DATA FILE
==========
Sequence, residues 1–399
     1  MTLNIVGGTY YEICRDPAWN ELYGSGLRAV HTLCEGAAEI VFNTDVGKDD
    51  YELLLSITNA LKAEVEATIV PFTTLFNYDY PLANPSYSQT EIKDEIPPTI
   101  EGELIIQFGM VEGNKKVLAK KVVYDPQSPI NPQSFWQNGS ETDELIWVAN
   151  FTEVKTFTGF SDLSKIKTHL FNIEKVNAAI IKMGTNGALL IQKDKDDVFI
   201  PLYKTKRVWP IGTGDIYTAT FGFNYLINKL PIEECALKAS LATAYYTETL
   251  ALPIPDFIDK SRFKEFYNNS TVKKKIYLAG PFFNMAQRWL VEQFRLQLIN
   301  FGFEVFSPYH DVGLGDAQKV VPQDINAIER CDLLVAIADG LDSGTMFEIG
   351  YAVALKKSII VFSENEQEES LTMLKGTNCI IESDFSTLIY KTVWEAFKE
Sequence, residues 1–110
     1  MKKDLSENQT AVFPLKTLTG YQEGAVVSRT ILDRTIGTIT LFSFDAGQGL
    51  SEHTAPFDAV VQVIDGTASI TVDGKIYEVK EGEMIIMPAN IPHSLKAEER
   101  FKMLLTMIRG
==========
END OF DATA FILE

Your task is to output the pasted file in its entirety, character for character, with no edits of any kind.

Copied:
Sequence, residues 1–399
     1  MTLNIVGGTY YEICRDPAWN ELYGSGLRAV HTLCEGAAEI VFNTDVGKDD
    51  YELLLSITNA LKAEVEATIV PFTTLFNYDY PLANPSYSQT EIKDEIPPTI
   101  EGELIIQFGM VEGNKKVLAK KVVYDPQSPI NPQSFWQNGS ETDELIWVAN
   151  FTEVKTFTGF SDLSKIKTHL FNIEKVNAAI IKMGTNGALL IQKDKDDVFI
   201  PLYKTKRVWP IGTGDIYTAT FGFNYLINKL PIEECALKAS LATAYYTETL
   251  ALPIPDFIDK SRFKEFYNNS TVKKKIYLAG PFFNMAQRWL VEQFRLQLIN
   301  FGFEVFSPYH DVGLGDAQKV VPQDINAIER CDLLVAIADG LDSGTMFEIG
   351  YAVALKKSII VFSENEQEES LTMLKGTNCI IESDFSTLIY KTVWEAFKE
Sequence, residues 1–110
     1  MKKDLSENQT AVFPLKTLTG YQEGAVVSRT ILDRTIGTIT LFSFDAGQGL
    51  SEHTAPFDAV VQVIDGTASI TVDGKIYEVK EGEMIIMPAN IPHSLKAEER
   101  FKMLLTMIRG